The first time Victor Enoh played an organized basketball game was in seventh grade. Until 2011, he had only ever really thought about basketball in a recreational sense. Let that sink in: the player who is bound to be Marist’s starting center next season didn’t even think about basketball until he was 12 or 13.
Enoh’s story to Marist basketball is unique in many ways. He was noticed out of thousands of players at a basketball camp by former NBA draftee and member of Team Nigeria Ejike Ugboaja. He was brought over to the States to be given a chance at doing something he had never experienced before. He relied on his raw strength and size to gain the attention of scouts watching.
“I remember that game perfectly,” he said. “I was the tallest on the court but I didn’t know anything about basketball. I got called for the three-second at least 15 times that game.” The most eye-opening attribute that Enoh displayed was his determination to go after rebounds.
“The only thing I knew how to do, was just grabbing rebounds,” he recalled. “I had like, 20 rebounds and I didn’t even know what I was doing.”
From rebounding, Enoh would then start to transform his game through other elements and a better understanding of how the game was played. Later at an AUU game that summer, he would see something that would motivate him to want to become a different level of player.
“I seen this one kid just catch the offensive rebound and dunk it without coming down and I was like, ‘I wanna do that by next year man,’” said Enoh. He took rebounding which used to be the only thing he knew how to do and turned it into the focal part of his game that he has spent this last season trying to refocus and rebuild.
A three-star recruit out of Greenforest McCalep Christian Academy in Decatur, Georgia, and originally born in Lagos, Nigeria, Enoh has already been through a lot of transition in his life for someone who’s only a sophomore in college. His journey from Nigeria to Division I basketball hit a roadblock in 2018 when Memphis Basketball Head Coach Tubby Smith was fired and Penny Hardaway was named his replacement.
“Things obviously didn’t go my way,” said Enoh. With no guaranteed future and uncertainty of his usage on Memphis under Hardaway, Enoh entered the NCAA transfer portal in hopes of finding a new home. One thing he knew he had to do was become a better version of himself.
“I wanted to sit out and get better,” said Enoh. A problem that he found when searching for a new school was how bad teams wanted him to play this year. Most people would think is a good thing, to be wanted and needed for your playing ability. He understood that he needed to do what was best for himself and hit the restart button on his basketball career to get where he wanted to go. With other options on the table for his talents, Enoh ultimately decided that Marist was the home for him.
“Right after my Marist visit, I called and canceled all my other visits,” said Enoh when he first arrived on campus here in Poughkeepsie. For Enoh, it was about putting himself in the perfect situation to succeed, and Marist offered the ideal structure that he needed.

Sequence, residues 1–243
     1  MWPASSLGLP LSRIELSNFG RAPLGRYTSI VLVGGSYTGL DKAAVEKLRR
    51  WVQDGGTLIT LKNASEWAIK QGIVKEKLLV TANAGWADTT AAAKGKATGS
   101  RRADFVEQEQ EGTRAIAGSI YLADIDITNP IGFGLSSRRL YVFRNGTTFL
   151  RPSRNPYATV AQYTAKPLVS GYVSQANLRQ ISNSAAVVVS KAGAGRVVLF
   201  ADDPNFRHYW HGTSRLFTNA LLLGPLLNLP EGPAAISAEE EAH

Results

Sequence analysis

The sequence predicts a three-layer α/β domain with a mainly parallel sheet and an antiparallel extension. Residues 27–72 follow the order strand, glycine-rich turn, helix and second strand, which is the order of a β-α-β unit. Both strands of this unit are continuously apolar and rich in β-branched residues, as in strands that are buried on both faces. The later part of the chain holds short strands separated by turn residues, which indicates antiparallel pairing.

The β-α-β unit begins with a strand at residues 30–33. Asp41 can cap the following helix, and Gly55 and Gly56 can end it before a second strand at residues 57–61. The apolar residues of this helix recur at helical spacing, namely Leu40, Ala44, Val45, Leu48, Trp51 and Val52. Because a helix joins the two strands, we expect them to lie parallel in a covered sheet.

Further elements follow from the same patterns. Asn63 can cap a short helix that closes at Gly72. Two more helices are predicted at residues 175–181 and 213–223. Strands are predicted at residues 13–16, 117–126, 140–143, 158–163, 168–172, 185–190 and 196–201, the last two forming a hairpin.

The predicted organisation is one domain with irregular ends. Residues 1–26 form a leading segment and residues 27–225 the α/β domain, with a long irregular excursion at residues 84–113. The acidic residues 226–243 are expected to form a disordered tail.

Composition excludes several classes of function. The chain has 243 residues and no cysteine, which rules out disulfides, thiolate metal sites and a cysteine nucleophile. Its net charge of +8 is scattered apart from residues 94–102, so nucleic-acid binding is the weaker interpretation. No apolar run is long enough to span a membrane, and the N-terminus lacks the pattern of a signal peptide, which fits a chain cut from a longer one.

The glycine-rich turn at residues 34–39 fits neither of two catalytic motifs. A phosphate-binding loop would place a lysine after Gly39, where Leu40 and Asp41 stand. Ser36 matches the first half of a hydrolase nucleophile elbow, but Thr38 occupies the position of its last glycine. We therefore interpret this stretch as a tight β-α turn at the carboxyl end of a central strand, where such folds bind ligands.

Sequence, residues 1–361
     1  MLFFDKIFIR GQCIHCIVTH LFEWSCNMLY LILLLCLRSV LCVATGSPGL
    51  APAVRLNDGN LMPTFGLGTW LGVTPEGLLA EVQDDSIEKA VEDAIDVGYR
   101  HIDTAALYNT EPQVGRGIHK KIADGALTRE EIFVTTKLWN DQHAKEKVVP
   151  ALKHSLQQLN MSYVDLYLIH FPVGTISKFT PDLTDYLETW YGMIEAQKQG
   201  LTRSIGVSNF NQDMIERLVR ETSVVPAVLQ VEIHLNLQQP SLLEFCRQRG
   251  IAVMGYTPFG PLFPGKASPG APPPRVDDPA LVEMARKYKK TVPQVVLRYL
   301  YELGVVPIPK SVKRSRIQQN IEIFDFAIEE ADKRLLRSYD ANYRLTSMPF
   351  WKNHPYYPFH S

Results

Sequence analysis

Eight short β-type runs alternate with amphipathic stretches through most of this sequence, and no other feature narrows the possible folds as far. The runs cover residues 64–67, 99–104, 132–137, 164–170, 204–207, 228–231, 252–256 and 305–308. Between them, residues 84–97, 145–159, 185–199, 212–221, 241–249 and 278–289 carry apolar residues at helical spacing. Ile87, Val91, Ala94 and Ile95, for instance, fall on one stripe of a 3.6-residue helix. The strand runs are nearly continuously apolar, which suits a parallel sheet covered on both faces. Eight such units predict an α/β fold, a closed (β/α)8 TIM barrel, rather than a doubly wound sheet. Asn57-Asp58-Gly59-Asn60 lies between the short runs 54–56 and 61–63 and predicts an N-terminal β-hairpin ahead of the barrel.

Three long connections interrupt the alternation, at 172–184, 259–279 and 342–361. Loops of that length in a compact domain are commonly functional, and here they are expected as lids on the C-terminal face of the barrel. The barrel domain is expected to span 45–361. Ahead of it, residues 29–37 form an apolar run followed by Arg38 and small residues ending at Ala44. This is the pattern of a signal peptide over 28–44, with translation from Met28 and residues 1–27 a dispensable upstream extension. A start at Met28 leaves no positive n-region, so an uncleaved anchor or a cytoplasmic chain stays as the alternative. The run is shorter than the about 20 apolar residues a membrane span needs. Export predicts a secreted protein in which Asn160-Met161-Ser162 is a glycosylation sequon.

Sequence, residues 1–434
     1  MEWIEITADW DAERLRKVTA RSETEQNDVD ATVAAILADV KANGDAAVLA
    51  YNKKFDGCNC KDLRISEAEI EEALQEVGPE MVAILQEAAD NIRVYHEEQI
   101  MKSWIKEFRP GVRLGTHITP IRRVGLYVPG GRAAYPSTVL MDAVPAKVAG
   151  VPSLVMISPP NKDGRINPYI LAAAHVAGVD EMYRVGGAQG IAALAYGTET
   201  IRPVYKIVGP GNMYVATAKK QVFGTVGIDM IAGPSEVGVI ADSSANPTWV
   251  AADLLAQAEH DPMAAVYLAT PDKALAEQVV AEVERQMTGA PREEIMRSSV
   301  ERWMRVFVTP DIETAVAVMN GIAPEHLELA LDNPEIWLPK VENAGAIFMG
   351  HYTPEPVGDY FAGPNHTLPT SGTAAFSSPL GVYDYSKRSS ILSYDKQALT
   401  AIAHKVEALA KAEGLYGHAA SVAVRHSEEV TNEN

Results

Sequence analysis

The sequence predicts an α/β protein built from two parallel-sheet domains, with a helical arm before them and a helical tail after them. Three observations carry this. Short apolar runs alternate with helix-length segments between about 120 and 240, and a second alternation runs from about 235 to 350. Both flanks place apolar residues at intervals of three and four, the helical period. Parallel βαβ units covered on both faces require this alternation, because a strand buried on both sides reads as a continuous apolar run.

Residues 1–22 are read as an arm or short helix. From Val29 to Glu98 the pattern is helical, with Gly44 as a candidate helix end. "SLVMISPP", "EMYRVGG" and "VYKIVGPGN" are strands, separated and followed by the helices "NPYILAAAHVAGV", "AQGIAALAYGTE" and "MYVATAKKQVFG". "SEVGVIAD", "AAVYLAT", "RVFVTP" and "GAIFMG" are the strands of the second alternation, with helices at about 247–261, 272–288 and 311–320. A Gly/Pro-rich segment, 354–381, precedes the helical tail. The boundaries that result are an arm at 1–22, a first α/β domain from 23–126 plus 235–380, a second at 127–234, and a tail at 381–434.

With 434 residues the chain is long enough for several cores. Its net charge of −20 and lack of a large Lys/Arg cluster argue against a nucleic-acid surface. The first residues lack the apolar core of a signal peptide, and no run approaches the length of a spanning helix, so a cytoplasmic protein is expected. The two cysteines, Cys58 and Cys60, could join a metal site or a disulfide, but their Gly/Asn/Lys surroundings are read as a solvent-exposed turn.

“I liked the coaching staff,” said Enoh. “I liked the players and the potential we have but I liked the environment and the isolation from the city. There’s no distractions here.”
Now that he has found the spot for him, everyday has been about transforming his game and getting ready for that first minute on the court next year.
“I’m in the gym every day,” said Enoh. “I lift weights twice a day. It was tiring at first but now I’m hitting up my buddy like, ‘When we going to the gym?’” He went on to talk about his workout regimen tweaking his already massive 6 ‘7 frame. A key part of the coaching staff’s mission this season has been fixing his weaknesses.
“Finishing with his back to the basket and working with his weak hand, we felt like with a year to work with him, he could become a real threat,” said Marist head coach John Dunne when describing what Enoh’s redshirt year has been focused around.
While there has certainly been a lot of excitement around bringing Victor Enoh on board to the basketball team, some might confuse the expectation of what a former big school player like him will be expected to do on the court.
“Not a big scorer but our expectation for him is to be a bigger presence for us inside,” said Dunne when asked about Enoh’s role on the squad next season. When asked about the excitement of bringing in a Memphis caliber player, Dunne also added, “Sometimes people equate that with ‘He’s gonna score 24 per game,’ and that’s not his role.”
Enoh has reflected on his journey to where he is today, knowing his story is far from complete and only just beginning. One person that Enoh couldn’t have gone without was Ejike Ugboaja,
“He is like a big brother, a guardian to me,” said Enoh. Ugboaja not only helped Enoh find a college that would offer him a spot on a team but Ugboaja also founded the Ejike Ugboaja Foundation, an organization created to help give opportunities to athletes in Nigeria. With his work, he has helped 130 athletes from Nigeria reach the next level of sporting and education here in the U.S, according to the foundation’s website.
“My mindset for this year has just been to focus,” Enoh said when asked about his personal motivation to get back to the court while sitting out this year.
While he continues to refocus himself and his game by preparing for his debut as a Red Fox, he had one thing to add.
“I wish I could play today.”